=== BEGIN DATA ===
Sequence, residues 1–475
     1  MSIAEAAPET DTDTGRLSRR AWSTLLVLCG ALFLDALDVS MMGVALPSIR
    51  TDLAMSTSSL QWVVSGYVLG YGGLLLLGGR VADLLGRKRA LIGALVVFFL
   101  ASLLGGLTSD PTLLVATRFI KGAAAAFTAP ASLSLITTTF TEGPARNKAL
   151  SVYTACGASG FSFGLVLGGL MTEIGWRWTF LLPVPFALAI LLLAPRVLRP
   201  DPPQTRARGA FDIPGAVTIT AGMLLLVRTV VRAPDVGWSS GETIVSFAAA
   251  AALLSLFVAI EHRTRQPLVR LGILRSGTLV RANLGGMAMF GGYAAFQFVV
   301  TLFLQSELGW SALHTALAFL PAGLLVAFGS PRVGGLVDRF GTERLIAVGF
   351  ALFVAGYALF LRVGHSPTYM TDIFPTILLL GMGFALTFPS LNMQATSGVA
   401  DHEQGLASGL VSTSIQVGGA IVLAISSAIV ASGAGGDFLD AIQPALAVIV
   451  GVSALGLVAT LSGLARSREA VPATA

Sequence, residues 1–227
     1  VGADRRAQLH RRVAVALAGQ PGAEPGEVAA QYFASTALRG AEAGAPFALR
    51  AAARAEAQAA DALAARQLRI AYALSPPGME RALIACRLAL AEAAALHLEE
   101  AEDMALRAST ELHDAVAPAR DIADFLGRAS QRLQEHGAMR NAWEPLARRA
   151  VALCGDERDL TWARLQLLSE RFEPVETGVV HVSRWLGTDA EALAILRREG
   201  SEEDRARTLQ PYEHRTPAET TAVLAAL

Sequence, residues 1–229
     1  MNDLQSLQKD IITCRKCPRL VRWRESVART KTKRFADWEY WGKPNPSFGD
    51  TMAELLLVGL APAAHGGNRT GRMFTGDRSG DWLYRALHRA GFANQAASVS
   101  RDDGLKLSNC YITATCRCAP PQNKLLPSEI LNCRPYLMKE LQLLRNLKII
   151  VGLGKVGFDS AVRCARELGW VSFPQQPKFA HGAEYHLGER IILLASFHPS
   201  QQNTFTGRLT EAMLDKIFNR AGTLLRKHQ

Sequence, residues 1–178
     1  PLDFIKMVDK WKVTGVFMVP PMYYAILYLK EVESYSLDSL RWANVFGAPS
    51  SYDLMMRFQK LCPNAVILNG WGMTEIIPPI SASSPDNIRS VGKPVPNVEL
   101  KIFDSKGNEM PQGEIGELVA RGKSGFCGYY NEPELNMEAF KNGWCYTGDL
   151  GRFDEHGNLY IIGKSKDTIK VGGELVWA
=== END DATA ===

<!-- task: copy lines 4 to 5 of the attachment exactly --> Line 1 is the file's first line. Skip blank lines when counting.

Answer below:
   101  ASLLGGLTSD PTLLVATRFI KGAAAAFTAP ASLSLITTTF TEGPARNKAL
   151  SVYTACGASG FSFGLVLGGL MTEIGWRWTF LLPVPFALAI LLLAPRVLRP